"Between 1932 and 1935 communities throughout North Carolina, including Charlotte and Mecklenburg County, benefited from a broad array of public works funded primarily by Washington.  These included ... the building of a grandstand in Independence Park ..." The project was begun by the Civil Works Administration (CWA) but completed by the Federal Emergency Relief Administration (FERA). Per the latter's description: "In Charlotte at Independence Park, one of the baseball fields has been used for years for Sunday school leagues and business league games. Much interest has always been manifested in these ball games, and attendance especially on Saturday is heavy. No...
  • Indian Bowl - Muskogee OK
    “The stadium in Muskogee is called the Indian Bowl, and is made of white concrete. No WPA marker is visible, but the stadium is on the list of WPA properties. It was constructed with WPA funds and was eligible to be on the National Register. The adjacent Alice Robertson School is made from buff-colored brick.”
  • Indian Lodge - Fort Davis TX
    "Within Davis Mountains State Park is the Indian Lodge, built by the Civilian Conservation Corps during the early 1930s. Indian Lodge has 39 rooms, a restaurant and a swimming pool (for Indian Lodge guests only), meeting rooms, a Texas State Park Store, and 24-hour staffing."
  • Indian Mounds Park: Limestone Walls - St. Paul MN
    Indian Mounds Regional Park sits on limestone and sandstone bluffs overlooking the Mississippi River and downtown St. Paul. It features six Native American burial mounds created roughly 1,500-2,000 years ago. The WPA constructed limestone walls throughout the park.
  • Indian Road Playground - New York NY
    The Indian Road Playground lies along West 214th Street on the east side of Inwood Hill Park. The playground was constructed during the 1930s by the WPA. New York City's Parks Department site writes that during "the 1930s when Parks Commissioner Robert Moses (1888-1981), using Works Progress Administration (WPA) money and workers, initiated a massive reconstruction of the park. Parks created this playground bordering the 35-acre lawn that dominates the southeast portion of the park, which provides recreational facilities such as baseball fields with bleachers, walking paths, and picnic areas."
  • Indian Rock Park Improvements - Berkeley CA
    Park walks repaired with gravel and oil, re-landscaping done.
  • Indian Springs CCC Camp - White Pine NV
    "The Division of Grazing (Grazing Service as of 1939) operated the greatest number of CCC programs in the state. There were several reasons for this. First of all, Nevada has the largest public domain (nonallocated federal acreage) of any of the forty-eight states. With little trouble, Nevada's elected officials and stockmen easily persuaded national CCC officials to approve requests for several new grazing camps, notwithstanding national CCC program budget cuts. Second, following passage of the Taylor Grazing Act of 1934, a large workforce was needed to implement its ambitious provisions. Even with CCC assistance, the amount of work needing to...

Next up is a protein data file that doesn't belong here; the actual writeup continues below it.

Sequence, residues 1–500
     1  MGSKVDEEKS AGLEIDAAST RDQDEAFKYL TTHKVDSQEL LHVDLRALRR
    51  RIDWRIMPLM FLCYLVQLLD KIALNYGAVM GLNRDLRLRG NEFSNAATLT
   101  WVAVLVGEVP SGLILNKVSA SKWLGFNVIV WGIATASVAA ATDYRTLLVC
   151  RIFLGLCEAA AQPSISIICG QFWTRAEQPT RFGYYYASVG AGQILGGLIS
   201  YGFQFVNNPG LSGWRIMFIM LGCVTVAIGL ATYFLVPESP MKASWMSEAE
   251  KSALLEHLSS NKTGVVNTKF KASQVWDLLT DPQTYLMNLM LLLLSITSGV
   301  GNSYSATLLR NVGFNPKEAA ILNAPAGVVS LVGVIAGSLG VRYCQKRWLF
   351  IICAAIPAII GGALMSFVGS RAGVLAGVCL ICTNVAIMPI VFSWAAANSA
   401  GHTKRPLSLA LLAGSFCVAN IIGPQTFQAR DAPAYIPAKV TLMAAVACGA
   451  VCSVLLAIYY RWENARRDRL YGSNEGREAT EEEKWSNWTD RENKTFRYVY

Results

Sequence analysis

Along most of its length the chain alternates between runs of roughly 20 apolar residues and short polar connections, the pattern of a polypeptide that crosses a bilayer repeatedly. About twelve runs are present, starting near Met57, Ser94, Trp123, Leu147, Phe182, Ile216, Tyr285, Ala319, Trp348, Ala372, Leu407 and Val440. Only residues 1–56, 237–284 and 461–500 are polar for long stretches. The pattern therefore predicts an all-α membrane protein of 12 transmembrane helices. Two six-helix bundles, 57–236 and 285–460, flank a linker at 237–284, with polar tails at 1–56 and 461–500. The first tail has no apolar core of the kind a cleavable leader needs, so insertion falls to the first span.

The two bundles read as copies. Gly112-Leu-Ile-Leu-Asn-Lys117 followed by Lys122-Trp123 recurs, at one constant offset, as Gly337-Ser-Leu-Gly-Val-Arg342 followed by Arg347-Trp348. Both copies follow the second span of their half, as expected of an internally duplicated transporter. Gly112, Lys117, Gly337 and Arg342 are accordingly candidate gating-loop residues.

• Indiana Dunes State Park - Chesterton IN
    The CCC first arrived at the park in 1933. Quarters were soon built for 250 CCC boys. The CCC would help build "trails, bridges, camps, shelter, and more." (https://friendofindianadunes.org/historic-page/) The CCC also built roads, gatehouses and other facilities. "A CCC camp was located at the site of Dunes Creek upstream from the Pavilion. The Company 556 was at Dunes for a short while before being moved to Pokagon State Park as Company 1563. Wilson Shelter is one of their projects. Other projects of theirs, such as the Group Camps, have been removed. A flag pole near the Nature Center is from the...
  • Indiana Dunes State Park Wilson Shelter - Chesterton IN
    The Wilson Shelter is located at the Indiana Dunes State Park. The shelter was completed by Civilian Conservation Corps (CCC) laborers in 1935. The style of the shelter is classified as Parks Rustic.
  • Indiana State Fairgrounds Development - Indianapolis IN
    Multiple New Deal agencies: the Works Progress Administration (W.P.A.) and the Public Works Administration (P.W.A.) contributed to the development of the Indiana State Fairgrounds. Projects included the Coliseum, WPA Barns, and a WPA Tunnel.
  • Indiana State Fairgrounds: Coliseum - Indianapolis IN
    "Architect Merritt Harrison considered this building his finest creation. PWA (Public Works Administration) funds made it possible for the Fair Board to build this structure, which was to be a “Livestock Pavilion.” Harrison used tan brick and Indiana limestone on the exterior. The style is Art Deco. When you go inside, notice the ticket booth grilles--cast brass in the form of ears of corn. On the outside, notice how most of the corners are rounded or stepped back, a hallmark of the Deco style. Like the track, the Coliseum has been used for many events. It was the best and largest...